Abstraction Reform | BAWAG | Broadland Agricultural Water Abstractors Group

Download titleDate uploaded
NFU position Nov'1314/02/2014
Knox Cranfield Report Dec'1314/02/2014
Abstraction Reform Article NFU '1405/03/2014
Making the most of every drop05/03/2014
Water Abstraction Reform05/03/2014
What Abstraction Reform means for me05/03/2014
NFU Consultation Response28/03/2014
GW Hydrology Status 200904/06/2014
SW Hydrology Status 200904/06/2014
EA Abstracton Reform Newsletter18/07/2014
EA Making the most of every drop18/07/2014
EA Infographic18/07/2014
DEFRA Letter on Abstraction Reform16/05/2015
Abstraction Briefing 15.12.1707/03/2018

The two options proposed by Defra within the consultation are:

Current System Plus option:

  • The Environment Agency and Natural Resources Wales would continue to use the tools currently applied to some licences to reduce or stop abstraction to leave enough water in rivers or groundwater for the environment or other abstractors when flows are low.
  • We would improve these tools, strengthening the link between water availability and abstraction to allow more water to be abstracted when more is available, helping abstractors to adapt to the risks posed by increasing variability of water availability. This would also improve environmental protection, particularly at very low flows.
  • Abstractors would have annual and daily limits in a similar way to now.
  • We would make it easier for abstractors to trade water with each other as temporary low risk trades would be pre-approved.
  • Groundwater abstraction could be varied over the long term in response to changes in availability.

Water Shares option:

  • Abstractors would have a share in the available water resource, rather than an absolute amount. This would encourage abstractors to take a shared responsibility for water resources in catchments in line with the broader catchment based approach.
  • As currently, in each specified area within a catchment the regulator would assess how much water is required to avoid environmental deterioration.
  • The remaining volume of water would then be referred to as the “available resource”. Abstractors then hold shares of different reliabilities in this available resource.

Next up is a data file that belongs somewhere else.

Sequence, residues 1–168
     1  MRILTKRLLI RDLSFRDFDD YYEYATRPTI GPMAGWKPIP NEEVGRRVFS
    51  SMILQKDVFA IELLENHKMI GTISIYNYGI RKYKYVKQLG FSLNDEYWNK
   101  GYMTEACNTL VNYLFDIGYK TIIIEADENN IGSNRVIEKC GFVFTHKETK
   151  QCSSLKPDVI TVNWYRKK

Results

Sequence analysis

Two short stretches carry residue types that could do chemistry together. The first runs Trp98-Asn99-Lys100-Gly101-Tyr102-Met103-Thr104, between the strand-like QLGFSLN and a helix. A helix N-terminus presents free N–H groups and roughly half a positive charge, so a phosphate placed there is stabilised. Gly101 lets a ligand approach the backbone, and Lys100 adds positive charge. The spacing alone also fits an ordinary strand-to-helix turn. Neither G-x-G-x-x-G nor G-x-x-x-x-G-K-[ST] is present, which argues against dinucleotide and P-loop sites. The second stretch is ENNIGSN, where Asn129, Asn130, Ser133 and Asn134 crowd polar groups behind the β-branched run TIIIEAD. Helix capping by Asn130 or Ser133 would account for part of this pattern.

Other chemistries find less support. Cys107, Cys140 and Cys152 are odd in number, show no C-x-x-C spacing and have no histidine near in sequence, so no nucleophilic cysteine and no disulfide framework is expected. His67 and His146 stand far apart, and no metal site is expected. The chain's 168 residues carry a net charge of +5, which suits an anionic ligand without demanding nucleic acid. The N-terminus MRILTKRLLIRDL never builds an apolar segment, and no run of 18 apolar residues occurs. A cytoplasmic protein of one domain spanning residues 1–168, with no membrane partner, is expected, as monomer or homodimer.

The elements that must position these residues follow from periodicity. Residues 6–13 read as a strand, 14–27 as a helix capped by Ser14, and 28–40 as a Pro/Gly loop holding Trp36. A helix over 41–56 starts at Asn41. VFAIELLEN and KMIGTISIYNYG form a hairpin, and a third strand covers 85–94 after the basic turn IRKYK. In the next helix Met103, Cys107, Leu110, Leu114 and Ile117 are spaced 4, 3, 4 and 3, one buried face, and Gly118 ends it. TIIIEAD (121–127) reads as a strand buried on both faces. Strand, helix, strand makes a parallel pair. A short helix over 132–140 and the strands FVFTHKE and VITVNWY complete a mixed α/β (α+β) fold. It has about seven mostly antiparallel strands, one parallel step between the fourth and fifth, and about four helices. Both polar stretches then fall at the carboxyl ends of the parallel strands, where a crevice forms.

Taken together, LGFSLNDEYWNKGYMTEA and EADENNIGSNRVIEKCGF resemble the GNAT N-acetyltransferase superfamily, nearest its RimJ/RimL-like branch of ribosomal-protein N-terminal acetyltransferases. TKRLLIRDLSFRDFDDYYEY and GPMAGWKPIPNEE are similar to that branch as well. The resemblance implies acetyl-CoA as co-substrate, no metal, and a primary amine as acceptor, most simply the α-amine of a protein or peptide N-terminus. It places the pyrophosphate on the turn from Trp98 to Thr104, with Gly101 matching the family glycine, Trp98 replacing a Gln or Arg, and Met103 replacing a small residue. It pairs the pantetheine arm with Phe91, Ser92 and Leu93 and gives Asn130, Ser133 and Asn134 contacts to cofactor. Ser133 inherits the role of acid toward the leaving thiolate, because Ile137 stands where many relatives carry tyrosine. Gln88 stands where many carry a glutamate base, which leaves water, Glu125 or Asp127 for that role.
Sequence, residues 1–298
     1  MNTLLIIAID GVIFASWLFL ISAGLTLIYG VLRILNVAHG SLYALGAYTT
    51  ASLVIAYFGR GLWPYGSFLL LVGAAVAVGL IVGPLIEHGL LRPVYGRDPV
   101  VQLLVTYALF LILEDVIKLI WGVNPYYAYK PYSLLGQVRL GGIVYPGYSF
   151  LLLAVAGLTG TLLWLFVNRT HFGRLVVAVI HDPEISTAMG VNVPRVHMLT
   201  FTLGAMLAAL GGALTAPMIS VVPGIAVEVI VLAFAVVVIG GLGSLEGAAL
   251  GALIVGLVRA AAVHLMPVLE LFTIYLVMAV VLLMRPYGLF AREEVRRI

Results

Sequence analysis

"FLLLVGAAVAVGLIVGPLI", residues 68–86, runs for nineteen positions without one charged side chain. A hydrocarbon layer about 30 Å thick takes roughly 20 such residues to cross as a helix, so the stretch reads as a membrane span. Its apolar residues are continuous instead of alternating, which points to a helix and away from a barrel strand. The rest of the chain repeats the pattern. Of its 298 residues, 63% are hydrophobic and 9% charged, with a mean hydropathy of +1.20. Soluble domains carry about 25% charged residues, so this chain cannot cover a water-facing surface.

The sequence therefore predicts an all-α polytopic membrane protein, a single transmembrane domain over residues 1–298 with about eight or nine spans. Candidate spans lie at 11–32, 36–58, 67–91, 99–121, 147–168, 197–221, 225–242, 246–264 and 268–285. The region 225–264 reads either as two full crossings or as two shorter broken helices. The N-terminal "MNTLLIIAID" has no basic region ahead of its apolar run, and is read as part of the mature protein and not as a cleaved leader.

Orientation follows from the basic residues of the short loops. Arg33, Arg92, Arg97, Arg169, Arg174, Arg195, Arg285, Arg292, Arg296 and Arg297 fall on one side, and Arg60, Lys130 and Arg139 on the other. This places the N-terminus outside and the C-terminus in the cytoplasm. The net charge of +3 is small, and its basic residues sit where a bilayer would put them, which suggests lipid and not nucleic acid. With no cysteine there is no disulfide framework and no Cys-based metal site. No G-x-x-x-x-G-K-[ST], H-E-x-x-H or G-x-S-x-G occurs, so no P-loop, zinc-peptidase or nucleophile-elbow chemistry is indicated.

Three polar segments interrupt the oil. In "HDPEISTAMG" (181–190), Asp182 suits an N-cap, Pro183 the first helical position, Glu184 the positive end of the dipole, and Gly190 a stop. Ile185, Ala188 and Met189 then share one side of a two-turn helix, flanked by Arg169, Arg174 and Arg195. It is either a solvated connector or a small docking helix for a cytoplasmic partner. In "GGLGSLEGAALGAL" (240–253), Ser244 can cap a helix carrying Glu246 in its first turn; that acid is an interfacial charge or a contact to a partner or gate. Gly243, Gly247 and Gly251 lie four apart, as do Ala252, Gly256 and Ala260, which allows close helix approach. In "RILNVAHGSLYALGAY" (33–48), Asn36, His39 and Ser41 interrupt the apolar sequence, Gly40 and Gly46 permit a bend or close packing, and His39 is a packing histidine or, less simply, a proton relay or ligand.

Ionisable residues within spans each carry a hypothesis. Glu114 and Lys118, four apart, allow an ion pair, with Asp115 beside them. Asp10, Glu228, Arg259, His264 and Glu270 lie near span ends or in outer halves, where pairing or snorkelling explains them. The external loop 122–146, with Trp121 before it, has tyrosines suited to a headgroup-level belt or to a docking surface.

• Abstractors would receive a water allocation for a fixed period based on the available resource at that time and the reliability and size of their share.
  • For surface water abstractors this period might be a fortnight, although for most abstractors their allocation would not change except at very low flows. For most groundwater abstractors the allocation period would be at least annual.
  • This option allows for pre-approval of shorter-term trading between abstractors and a wider range of trades.

Under both options Defra would also:

  • Remove time limits from licences that currently have them and instead introduce a new transparent and risk based process to review catchment conditions that would enable the regulator to change any abstraction permission within each catchment (regardless of whether they have a time limit now or not), with notice, to protect the environment;
  • Improve the link between abstraction charges and usage;
  • Take an evolutionary and proportionate approach to implementation. We would only introduce the full package of reforms in some catchments where there are clear economic and environmental benefits to doing so.

For more information: https://consult.defra.gov.uk/water/abstraction-reform



The Consultation closes 28 March, 2014.

Farming business is fined for providing misleading information about quantity of water abstracted.